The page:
7 Do’s & Dont’s of Winter Lawn Care

7 Do’s & Dont’s of Winter Lawn Care Singing voices at the ready everyone: “It’s the most wonderful time...

7 do's and don'ts of winter care

7 Do’s & Dont’s of Winter Lawn Care

Singing voices at the ready everyone: “It’s the most wonderful time of the year.” And we’re not just talking about the festive season. We’re talking about every single second of winter — and that’s coming from people who work outside all year round. The festive foods and seasonal snacks, high-school sweethearts on ice skating dates and steaming mugs of hot cocoa, the log fires and carol singing — winter is full of good vibes,  and that’s exactly what we need right now. Of course, there is another side of winter. Read on for our 7 Do’s and Don’ts of Winter Lawn Care…

It’s painfully cold out there. Pipes get frozen. Lips, noses and cheeks get so chapped your paycheck goes toward lip salve. There’s black ice on the road, the term ‘Polar vortex’ gets used a lot. The cool snow hat you’re wearing leaves your hair looking weird the moment you step inside and, above all, your lawn needs extra attention.

Yup. This means you’re going to have to pull on some gloves and change up your routine a bit. But don’t worry too much because, well, it’s winter, so there’s not a whole lot to do. Just a bit here and there to keep your garden in check. And in that spirit, here are seven winter lawn care “chores” you can crack on with this December:

Picking weeds out of the lawn

Won’t Stop, Don’t Stop Weeding

The things about weeds is, ummm, they’re so HARDCORE. They’re hardy and durable and have more bounceback ability than Manchester United (back when Sir Alex was in charge). Which means they’re probably going to survive the harshest of frosts. Thankfully, just like your lawn, any weeds out there are going to grow slowly due to the colder weather. This gives you a chance to keep on top of them. Simply pull out any bigger weeds you find. Then, when it’s dry and mild, get your mower out and cut your lawn on a high setting so that any seedlings don’t become an issue. 

collecting leaves

Don’t Fall For Any Fallen Leaves

A few leaves here and there are fine because they’ll nourish the soil and keep your roots warm during those colder days. But too many leaves and they’ll block out the sunlight and prevent any moisture from getting to your grass roots, which can cause long-term damage. That’s why our lawn care legends recommend you fetch your rake once or twice a week to stay on top of it until all the trees are bare.

mowing joe's lawn

Don’t Be Afraid To Mow Your Lawn This Winter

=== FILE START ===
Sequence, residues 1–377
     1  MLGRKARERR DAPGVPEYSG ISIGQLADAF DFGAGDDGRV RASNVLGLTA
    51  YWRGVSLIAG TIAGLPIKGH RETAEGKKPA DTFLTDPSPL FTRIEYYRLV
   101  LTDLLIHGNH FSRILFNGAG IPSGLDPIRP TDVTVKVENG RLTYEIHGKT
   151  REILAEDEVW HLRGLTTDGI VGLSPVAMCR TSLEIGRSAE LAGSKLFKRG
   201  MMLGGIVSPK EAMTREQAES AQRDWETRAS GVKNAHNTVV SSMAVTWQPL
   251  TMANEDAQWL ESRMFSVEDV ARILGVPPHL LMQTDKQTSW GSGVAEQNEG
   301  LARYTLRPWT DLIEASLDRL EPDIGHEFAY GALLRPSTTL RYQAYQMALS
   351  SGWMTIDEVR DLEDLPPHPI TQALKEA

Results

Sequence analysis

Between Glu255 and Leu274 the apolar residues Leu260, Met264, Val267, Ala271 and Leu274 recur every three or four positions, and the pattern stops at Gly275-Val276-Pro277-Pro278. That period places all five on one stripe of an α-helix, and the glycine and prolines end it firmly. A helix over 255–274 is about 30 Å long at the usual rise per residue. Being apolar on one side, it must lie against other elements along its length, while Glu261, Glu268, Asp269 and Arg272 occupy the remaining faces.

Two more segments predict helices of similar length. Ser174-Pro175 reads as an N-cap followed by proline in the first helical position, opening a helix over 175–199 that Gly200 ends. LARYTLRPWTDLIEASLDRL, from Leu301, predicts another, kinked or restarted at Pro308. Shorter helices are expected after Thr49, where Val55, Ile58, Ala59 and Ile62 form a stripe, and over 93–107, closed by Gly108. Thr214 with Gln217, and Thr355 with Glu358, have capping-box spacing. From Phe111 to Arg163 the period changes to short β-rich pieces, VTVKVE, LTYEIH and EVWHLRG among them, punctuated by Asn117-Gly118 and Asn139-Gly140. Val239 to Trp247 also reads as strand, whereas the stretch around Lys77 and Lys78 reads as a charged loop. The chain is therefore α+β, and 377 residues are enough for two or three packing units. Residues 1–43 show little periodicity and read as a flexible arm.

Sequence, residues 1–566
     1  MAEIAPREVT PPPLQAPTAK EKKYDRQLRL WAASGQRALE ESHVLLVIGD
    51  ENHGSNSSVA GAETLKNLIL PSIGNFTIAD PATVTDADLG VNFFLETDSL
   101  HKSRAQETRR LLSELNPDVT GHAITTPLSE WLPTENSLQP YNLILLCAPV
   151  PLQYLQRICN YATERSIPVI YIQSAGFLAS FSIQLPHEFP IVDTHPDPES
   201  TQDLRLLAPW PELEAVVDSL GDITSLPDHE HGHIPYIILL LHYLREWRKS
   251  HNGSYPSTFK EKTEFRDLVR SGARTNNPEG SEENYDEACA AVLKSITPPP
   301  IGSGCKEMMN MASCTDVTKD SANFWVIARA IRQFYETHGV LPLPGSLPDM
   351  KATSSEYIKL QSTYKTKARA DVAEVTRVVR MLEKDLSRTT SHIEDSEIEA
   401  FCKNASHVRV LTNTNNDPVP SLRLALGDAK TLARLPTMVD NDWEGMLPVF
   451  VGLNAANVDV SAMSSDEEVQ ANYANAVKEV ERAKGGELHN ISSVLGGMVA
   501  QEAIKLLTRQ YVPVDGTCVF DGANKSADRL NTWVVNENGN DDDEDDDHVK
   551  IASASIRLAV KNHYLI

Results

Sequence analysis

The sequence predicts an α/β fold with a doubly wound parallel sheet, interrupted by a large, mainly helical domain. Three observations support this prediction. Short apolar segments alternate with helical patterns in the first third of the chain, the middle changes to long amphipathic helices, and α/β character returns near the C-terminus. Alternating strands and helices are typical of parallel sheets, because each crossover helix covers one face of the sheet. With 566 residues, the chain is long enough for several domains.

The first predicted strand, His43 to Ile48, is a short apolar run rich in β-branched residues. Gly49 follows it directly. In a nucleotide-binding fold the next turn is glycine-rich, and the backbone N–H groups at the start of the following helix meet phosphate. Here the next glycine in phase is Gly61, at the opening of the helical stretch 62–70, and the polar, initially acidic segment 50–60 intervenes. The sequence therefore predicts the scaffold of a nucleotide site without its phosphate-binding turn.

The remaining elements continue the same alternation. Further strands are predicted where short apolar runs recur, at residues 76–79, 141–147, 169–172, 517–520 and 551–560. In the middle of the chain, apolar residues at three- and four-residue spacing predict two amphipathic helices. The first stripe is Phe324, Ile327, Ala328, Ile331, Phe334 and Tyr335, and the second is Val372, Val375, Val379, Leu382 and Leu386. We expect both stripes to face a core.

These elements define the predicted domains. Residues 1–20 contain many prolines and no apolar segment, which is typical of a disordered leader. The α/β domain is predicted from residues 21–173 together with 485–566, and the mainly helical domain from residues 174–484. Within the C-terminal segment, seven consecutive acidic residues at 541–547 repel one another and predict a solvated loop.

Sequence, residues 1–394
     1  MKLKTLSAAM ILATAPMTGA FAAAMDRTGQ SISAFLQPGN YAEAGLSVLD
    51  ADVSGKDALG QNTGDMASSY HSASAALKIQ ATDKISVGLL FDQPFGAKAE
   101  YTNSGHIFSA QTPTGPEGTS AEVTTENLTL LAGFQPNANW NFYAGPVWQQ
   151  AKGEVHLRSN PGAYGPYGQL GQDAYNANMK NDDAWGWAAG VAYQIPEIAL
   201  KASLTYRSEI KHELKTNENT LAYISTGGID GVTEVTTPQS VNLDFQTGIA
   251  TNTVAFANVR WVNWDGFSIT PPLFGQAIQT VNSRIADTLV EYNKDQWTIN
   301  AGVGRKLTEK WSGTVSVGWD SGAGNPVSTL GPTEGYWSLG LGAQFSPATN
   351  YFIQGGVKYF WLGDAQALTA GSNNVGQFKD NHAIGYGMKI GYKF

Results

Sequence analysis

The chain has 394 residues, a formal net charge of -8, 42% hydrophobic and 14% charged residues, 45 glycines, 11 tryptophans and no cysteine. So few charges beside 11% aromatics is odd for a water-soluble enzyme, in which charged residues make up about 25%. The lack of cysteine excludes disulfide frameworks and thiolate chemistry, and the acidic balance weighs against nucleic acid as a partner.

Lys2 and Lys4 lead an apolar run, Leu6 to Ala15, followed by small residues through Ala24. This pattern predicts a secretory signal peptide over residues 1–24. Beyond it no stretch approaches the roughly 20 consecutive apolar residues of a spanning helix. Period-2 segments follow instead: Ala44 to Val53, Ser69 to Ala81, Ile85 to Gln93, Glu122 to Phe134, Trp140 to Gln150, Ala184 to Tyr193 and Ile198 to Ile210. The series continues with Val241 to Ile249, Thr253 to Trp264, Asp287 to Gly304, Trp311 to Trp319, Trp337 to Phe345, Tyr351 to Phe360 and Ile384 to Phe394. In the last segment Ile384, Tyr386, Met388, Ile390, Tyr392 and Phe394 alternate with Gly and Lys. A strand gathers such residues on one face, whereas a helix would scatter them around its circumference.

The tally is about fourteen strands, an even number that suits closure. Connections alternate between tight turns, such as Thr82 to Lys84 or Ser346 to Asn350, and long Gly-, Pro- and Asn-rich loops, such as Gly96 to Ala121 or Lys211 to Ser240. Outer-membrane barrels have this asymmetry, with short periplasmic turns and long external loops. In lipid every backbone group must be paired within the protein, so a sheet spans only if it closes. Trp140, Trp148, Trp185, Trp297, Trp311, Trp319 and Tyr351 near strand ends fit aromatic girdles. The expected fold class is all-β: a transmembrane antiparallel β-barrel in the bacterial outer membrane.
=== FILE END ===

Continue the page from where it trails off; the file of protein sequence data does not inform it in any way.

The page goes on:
We know, we know: most people will tell you to stick your mower in the shed at the start of winter and then leave it there all season. But we don’t think you should be scared to mow your lawn if the conditions are right. So as long as your grass isn’t wet and the ground isn’t frosty. Just be sure wrap up warm and give your lawn a quick tidy up whenever it needs it. Remember to set the blade height higher than you did in the summer months to minimise any turf stress, and be gentle when you turn your mower as the ground may well be soft, which can hurt your lawn.

tidy up the garden

Show Your Tools Some TLC This Winter

It’s winter, right, which means your tools won’t be getting anywhere near as much use as they did in the warmer months. That’s why you need to give them a good old clean-up. Then make sure they’re bone dry before you put them away for the winter. You could even spray them with an anti-rust treatment to make sure they’re all sparkly and new-looking when you return to them in the spring. 

frosty lawn

Never Walk On A Frosty Lawn

To find out exactly why you shouldn’t walk on a frosty lawn, we recommend you read this extremely helpful guide. But for the short story on why this is particularly important: frost freezes the water inside the molecules, so when your grass is stepped on, that moisture bursts out of the cell walls putting your turf through so much extra stress it can cause lasting damage to your lawn.

fertiliser spreader

Don’t Over Feed Your Lawn This Winter

Your grass will want and need a good feed before the cold weather really settles in. This will help it survive the winter and thrive come spring. It’s the sort of lawn care move that will toughen up your lawn and will strengthen the roots, as well as boost its nitrogen storage. However, if you continue to feed your turf throughout the winter you could encourage premature growth. And that will put it at risk of disease this winter instead.


No More Scarifying

Do you know what our favourite part of autumn is? Pumpkin-spiced lattes. But our second favourite thing is being able to scarify lawns up and down the country. Unfortunately, you can’t do this in the winter because the cold weather means grass growth is much slower, to the point where it might have stopped totally. As such, it won’t be able to recover from this kind of seasonal treatment. It’s best to wait until spring now and carry on with these lawn-saving treatments then.


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